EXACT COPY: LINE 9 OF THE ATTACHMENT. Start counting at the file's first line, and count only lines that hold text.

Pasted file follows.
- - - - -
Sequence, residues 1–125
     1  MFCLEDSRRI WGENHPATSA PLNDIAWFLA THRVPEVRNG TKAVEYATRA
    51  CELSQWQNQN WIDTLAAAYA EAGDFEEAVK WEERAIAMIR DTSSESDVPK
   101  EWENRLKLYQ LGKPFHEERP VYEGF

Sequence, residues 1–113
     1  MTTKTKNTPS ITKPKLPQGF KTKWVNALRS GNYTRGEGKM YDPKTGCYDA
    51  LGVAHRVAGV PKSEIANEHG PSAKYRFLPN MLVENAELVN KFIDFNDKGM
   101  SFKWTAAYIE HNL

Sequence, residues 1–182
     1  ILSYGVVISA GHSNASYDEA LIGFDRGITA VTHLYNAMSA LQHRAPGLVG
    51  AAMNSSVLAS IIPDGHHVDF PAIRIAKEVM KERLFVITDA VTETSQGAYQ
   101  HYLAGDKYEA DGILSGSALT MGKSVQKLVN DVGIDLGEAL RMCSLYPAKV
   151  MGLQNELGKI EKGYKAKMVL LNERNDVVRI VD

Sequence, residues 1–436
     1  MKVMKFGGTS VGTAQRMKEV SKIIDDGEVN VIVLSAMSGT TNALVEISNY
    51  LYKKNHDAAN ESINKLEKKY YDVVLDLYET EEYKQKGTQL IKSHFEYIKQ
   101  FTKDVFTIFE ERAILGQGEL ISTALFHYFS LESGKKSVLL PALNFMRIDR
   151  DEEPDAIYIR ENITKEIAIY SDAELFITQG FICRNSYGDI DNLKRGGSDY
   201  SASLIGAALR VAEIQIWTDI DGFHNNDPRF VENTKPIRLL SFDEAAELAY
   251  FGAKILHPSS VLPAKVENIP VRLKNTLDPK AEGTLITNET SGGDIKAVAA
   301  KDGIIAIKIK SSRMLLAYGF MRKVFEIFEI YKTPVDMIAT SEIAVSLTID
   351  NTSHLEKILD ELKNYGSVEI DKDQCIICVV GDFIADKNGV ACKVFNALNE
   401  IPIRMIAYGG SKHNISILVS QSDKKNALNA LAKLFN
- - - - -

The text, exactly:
Sequence, residues 1–182